An American novelist named Jonathan Franzen has published a new novel. Maybe you’ve heard of him. He is the author of several previous books, in this millennium, The Corrections, Freedom, and Purity. Franzen is, or intermittently has been, the country’s biggest literary celebrity, and so the publication of a Franzen novel is an Event, heralded by a fever pitch of demented internet discourse.
On the one hand, you’ve got people who swear they’ll never read him because of the dimly remembered Oprah incident, and on the other, you’ve got people who won’t read him because they find him middle-brow. A third group thinks he’s bad on women, and a fourth bad on race. A fifth is furious that straight white men have ever been read, let alone are still read in the year 2021. A sixth cops to liking The Corrections and Freedom, but reluctantly. Reluctantly. Liking him online takes a certain type of ironic ambiguity. In the parlance of Twitter, “I love Jonathan Franzen. Haha, just kidding… Unless?”
To rise above such noise, the book better be big and it better be good. It better contain the author’s hallmarks, but push his work forward, and show a maturity, too, as he’s inching toward what is known as the late career.
Sorry to Franzen’s haters, but Crossroads is an excellent novel. Readers of his previous work will find the premise familiar: A Midwestern family experiences a season of upheaval, marked by infidelity, drug abuse, mental illness, the surfacing of secrets, and chronic parental dysfunction. This time, the family is the Hildebrandts, we are in the suburbs of Chicago, and the year is 1971. Russ Hildebrandt, the associate minister of a church called First Reformed, and his wife, Marion, and children Clem, Becky, Perry, and Judson live in a dowdy parsonage in New Prospect, Illinois. The novel opens a few weeks before Christmas, with Russ on his way to meet up with Frances Cottrell, a “gut-punchingly, faith-testingly, androgynously adorable” member of the congregation, with whom, Russ, in his poor, weak sinner’s heart, hopes to sleep.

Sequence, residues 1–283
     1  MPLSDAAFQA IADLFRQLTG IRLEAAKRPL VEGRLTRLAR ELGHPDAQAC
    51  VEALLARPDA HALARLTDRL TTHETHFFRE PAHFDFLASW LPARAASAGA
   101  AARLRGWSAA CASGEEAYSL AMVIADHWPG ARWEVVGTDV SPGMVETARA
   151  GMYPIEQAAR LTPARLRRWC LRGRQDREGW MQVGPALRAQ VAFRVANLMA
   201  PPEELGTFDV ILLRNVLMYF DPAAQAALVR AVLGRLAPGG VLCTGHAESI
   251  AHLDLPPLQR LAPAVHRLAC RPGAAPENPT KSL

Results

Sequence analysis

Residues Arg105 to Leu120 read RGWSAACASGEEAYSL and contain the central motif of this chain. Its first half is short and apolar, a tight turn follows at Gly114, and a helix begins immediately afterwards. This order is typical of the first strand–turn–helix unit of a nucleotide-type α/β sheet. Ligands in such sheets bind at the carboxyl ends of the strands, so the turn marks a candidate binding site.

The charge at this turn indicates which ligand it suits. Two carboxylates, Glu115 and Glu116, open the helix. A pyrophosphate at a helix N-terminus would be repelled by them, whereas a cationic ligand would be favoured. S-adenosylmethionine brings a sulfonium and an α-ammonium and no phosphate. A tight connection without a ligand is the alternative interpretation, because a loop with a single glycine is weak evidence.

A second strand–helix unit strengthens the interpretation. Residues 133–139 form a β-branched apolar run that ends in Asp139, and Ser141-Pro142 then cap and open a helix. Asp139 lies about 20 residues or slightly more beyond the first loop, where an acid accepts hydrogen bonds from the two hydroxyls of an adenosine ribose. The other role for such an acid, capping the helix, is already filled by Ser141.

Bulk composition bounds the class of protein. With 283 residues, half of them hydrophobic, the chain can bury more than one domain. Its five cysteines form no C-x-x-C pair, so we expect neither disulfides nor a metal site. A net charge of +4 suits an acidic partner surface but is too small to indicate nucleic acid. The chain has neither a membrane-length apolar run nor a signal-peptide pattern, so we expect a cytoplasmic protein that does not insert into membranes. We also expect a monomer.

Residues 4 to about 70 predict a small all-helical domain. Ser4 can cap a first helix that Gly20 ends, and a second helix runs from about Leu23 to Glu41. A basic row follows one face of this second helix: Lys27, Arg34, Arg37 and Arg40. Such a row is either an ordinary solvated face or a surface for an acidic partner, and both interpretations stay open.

Russ’ desire to bed Frances is tangled up in a feud he’s been having with Rick Ambrose, the director of youth programming, “him of the stringy black hair and the glistening black Fu Manchu.” Rick has succeeded in toppling Russ as the head of the youth group, Crossroads, following an incident that left Russ humiliated and disgraced. Under Ambrose, Crossroads has transformed into something hippie-ish, touchy-feely, and so popular that even Russ’ own children betray him to join.
Russ has come to think that only an affair with Frances can restore his confidence. He contrives to achieve this on a Crossroads missionary trip to Arizona. Meanwhile, oldest son Clem grapples with guilt about his college deferment from Vietnam; brilliant but troubled Perry discovers how various drugs interact with his bipolar disorder; golden child Becky falls in love with a shaggy-haired Christian rocker; and Marion unravels in therapy, triggered by, I kid you not, a phobia of Santa Claus.
The central question here is how to be good, whether such a thing is even possible, whether, as Perry puts it to two clergymen at a church Christmas party, “we can ever escape our selfishness.” The early ’70s make a fitting backdrop for these anxieties. It’s a moment of cultural upheaval—new freedoms impinge on family life—and Franzen writes it well. The details feel natural and unforced, as lived-in as the Hildebrandt home: Frances’ plaid hunting cap, the bib overalls and painters’ pants of the Crossroads kids, Russ’ collection of blues 78s, kept as souvenirs from his Greenwich Village days.